ISHM: April 30 – May 14, 2020 – Iraq

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Key Takeaways:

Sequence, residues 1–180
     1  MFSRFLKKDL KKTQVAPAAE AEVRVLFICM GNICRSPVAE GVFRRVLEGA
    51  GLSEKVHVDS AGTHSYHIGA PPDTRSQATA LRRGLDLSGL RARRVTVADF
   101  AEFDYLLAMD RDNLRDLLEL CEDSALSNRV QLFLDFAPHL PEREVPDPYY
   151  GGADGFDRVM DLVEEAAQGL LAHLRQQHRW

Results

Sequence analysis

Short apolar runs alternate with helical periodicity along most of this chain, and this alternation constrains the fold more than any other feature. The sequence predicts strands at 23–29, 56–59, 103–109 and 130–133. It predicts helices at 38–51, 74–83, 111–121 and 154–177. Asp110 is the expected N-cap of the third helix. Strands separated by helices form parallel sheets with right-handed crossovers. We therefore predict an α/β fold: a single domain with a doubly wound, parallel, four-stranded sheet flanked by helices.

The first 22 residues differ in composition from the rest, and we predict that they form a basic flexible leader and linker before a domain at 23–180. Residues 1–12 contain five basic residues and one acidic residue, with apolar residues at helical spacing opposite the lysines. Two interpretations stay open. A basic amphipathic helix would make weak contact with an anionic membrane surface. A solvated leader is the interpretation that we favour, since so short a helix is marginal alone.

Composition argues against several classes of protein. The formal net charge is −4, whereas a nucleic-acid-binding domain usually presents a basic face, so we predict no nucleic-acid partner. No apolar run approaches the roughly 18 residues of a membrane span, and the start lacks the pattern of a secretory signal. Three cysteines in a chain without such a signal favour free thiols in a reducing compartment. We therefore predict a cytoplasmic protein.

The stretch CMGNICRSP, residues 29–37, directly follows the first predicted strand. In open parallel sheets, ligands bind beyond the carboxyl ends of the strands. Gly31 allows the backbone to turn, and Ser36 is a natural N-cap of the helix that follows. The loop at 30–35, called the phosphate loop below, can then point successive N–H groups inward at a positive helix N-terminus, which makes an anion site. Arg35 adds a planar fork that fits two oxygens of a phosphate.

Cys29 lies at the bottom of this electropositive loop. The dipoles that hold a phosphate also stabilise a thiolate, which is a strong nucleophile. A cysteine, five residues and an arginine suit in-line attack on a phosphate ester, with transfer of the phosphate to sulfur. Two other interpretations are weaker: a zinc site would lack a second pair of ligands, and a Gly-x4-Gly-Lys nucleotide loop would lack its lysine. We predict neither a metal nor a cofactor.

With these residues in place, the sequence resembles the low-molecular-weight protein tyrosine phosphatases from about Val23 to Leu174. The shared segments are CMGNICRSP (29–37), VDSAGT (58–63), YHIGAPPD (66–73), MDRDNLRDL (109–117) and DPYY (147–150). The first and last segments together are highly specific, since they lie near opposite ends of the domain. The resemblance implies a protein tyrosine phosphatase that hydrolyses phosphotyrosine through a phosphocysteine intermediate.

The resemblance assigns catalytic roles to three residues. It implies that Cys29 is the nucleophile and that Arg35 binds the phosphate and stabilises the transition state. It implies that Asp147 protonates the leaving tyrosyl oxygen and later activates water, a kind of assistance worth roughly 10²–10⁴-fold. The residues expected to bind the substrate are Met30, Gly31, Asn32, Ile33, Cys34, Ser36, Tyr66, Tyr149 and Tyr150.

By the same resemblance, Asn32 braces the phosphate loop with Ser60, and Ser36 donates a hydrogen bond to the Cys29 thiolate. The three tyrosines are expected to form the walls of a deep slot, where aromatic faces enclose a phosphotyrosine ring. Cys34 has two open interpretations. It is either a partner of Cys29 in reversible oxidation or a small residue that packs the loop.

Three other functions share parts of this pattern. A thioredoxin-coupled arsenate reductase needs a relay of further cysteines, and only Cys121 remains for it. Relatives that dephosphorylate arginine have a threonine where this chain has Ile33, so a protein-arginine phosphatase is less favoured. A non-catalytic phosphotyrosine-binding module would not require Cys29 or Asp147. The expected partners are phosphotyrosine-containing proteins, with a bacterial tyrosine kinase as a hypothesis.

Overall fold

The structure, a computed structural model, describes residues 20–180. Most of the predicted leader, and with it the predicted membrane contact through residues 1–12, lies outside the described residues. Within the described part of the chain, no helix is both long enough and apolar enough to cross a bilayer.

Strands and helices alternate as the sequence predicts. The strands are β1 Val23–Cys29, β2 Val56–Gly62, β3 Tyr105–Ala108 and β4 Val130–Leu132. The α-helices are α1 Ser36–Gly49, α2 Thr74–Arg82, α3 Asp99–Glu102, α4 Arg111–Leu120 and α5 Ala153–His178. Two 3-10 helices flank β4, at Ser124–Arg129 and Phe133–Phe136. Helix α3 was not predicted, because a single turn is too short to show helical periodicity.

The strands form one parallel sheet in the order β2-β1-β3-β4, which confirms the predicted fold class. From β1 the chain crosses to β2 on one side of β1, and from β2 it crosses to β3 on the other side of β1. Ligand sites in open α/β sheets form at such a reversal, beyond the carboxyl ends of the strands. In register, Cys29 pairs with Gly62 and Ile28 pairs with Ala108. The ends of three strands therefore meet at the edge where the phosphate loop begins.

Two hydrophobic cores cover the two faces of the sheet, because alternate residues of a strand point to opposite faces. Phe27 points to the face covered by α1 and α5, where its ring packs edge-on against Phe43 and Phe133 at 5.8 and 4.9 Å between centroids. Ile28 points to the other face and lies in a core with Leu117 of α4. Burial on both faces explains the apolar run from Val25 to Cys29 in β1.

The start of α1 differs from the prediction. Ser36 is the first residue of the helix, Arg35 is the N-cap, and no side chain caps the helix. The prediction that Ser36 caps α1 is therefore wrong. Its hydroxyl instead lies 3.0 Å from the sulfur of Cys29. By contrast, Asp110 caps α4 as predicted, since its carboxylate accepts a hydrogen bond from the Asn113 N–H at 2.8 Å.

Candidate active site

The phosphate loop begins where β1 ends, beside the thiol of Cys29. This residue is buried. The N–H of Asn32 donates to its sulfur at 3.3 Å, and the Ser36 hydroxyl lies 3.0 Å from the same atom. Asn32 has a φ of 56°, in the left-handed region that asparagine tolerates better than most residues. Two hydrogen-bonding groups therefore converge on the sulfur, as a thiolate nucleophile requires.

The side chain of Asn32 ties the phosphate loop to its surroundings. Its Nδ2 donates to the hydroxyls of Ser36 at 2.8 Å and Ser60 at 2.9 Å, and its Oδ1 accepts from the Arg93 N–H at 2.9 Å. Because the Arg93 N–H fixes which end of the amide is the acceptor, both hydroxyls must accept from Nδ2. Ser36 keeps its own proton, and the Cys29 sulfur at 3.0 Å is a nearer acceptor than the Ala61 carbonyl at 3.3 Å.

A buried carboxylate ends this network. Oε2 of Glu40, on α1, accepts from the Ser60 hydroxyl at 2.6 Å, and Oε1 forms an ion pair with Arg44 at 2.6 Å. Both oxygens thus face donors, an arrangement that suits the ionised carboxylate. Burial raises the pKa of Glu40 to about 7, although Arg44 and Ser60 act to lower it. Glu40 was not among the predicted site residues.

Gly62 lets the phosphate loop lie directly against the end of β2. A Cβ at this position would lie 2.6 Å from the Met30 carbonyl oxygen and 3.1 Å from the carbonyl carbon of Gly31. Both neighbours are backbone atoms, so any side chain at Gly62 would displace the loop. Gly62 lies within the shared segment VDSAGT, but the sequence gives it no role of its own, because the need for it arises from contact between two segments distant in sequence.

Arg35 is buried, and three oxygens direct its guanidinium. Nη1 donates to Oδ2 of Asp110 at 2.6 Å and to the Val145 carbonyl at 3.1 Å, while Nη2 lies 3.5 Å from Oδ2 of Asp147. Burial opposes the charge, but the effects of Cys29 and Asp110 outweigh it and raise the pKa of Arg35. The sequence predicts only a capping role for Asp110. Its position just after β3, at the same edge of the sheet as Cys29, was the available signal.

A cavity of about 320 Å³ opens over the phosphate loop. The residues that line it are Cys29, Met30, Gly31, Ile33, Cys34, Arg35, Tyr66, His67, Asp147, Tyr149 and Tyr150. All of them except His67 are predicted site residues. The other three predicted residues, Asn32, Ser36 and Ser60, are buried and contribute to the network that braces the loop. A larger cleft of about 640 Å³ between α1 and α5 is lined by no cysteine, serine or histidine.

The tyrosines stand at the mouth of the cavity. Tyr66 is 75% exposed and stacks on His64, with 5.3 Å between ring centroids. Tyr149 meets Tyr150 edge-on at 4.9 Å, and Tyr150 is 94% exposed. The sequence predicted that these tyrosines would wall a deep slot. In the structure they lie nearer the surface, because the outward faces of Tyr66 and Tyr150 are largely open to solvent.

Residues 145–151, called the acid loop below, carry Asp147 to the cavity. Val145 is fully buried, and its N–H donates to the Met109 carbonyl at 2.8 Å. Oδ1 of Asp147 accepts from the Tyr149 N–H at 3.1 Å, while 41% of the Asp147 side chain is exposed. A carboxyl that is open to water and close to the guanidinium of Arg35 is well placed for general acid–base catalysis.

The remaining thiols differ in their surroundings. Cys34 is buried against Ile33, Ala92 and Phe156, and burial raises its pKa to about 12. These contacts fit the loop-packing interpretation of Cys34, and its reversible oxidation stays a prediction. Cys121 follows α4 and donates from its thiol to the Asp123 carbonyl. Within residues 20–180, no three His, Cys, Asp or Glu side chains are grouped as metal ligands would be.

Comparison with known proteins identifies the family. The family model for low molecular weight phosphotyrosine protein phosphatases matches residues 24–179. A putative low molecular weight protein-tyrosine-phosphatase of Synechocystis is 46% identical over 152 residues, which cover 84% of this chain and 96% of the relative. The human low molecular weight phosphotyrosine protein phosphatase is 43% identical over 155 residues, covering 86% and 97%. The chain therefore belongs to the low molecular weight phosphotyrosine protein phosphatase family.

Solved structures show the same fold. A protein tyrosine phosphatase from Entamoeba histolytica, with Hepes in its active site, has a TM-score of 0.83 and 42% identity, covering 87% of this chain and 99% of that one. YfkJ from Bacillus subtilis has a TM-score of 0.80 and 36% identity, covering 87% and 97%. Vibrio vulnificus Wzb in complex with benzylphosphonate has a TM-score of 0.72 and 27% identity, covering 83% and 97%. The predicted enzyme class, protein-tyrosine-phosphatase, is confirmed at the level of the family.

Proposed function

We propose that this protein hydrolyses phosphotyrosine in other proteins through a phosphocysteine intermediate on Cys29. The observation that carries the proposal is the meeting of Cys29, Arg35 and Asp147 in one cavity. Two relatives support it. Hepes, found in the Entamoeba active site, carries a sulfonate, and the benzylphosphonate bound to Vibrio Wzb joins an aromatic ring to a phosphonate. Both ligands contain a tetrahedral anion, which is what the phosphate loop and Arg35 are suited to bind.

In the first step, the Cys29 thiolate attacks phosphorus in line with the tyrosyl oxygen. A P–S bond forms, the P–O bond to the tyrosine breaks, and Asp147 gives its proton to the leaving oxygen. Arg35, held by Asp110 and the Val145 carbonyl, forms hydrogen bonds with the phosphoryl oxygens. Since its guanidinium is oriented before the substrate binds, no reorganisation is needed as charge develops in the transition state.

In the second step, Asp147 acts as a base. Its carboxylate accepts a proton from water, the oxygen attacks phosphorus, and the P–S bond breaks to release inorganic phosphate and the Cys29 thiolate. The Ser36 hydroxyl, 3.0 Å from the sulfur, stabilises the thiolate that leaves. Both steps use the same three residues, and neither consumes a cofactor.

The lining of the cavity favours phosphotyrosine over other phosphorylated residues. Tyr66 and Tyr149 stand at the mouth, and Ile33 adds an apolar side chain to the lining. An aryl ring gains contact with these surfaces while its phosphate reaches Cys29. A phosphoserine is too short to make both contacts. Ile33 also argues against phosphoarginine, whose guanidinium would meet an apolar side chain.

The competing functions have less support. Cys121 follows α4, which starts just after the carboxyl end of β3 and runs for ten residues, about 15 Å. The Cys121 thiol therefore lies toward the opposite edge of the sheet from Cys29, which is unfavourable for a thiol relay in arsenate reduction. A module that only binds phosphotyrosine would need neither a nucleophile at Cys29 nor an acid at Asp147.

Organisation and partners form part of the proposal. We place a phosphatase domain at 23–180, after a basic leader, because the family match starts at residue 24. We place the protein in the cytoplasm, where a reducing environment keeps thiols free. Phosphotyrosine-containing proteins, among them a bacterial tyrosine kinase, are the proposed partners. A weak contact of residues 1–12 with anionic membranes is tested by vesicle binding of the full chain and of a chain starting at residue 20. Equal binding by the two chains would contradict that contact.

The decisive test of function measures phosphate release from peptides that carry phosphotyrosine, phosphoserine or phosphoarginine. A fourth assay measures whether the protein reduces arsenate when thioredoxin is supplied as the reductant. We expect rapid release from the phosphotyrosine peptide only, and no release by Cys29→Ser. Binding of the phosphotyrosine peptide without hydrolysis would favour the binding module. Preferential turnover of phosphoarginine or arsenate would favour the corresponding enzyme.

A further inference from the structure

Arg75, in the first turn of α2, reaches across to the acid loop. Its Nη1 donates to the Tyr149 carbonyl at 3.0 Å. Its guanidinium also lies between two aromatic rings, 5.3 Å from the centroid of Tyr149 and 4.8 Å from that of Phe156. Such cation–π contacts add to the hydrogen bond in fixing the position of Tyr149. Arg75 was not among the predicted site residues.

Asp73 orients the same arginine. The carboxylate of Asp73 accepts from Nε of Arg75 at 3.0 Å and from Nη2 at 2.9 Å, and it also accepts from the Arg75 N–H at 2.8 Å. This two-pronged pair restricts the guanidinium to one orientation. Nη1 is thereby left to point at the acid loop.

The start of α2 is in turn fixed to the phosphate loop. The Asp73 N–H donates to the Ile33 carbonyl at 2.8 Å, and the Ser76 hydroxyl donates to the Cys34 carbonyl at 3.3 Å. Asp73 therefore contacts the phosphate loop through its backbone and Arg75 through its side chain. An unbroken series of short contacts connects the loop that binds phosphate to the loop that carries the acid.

• New Government Releases Detainees, Pays Delayed Pensions; Call For U.S. Support Divides Fatah; Kadhimi Appoints Acting Ministers, Reinstates Popular General; PM Talks Security, Economy With Trump And Rouhani – On May 8, PM Mustafa al-Kadhimi spoke with NATO Secretary General Jens Stoltenberg who underlined NATO’s interest in strengthening counter terrorism cooperation. On May 9, the new government held its first formal session and took decisions to immediately pay pensioners, release protesters detained since October and reinstate Lt. Gen. Abdul-Wahab al-Saidi, who was sacked in September. The government will also assemble foreign policy experts to prepare for strategic dialogue with the U.S. and legal experts to study preparations for early elections. On May 9, a senior member of the Fatah coalition asked Washington to “increase its support for Iraq,” in an apparent departure from traditionally anti-U.S. rhetoric. Asaib Ahl al-Haq attacked the comments from the Badr wing of Fatah, saying that the U.S. represents “an eternal enemy.” On May 9, PM Kadhimi met with the envoys of Iran, U.S., Jordan, Turkey and EU nations. Talks with the U.S. ambassador focused on preparations for strategic dialogue, security and economic cooperation and protecting Iraq from becoming a battleground for conflict, a point Kadhimi also emphasized during talks with Iran’s envoy. On May 10, the Saeroun coalition accused unnamed political parties of agitating the public and organizing protests to undermine PM Kadhimi after Baghdad and southern provinces saw limited protests that resulted in casualties among protesters and security forces. On May 11, PM Kadhimi appointed five members of his cabinet as acting ministers for the vacant portfolios of oil, trade, migration, justice and culture. On May 11, President Trump spoke with PM Kadhimi and offered economic assistance and more cooperation in fighting COVID-19. Kadhimi spoke with the Iranian president about economic relations, especially reopening border crossings. more…